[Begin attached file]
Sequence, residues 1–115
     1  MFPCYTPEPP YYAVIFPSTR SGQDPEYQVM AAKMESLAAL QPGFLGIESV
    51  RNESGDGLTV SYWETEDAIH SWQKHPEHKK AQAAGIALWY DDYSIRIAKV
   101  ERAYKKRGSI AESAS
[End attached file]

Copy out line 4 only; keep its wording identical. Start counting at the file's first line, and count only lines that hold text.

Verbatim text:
   101  ERAYKKRGSI AESAS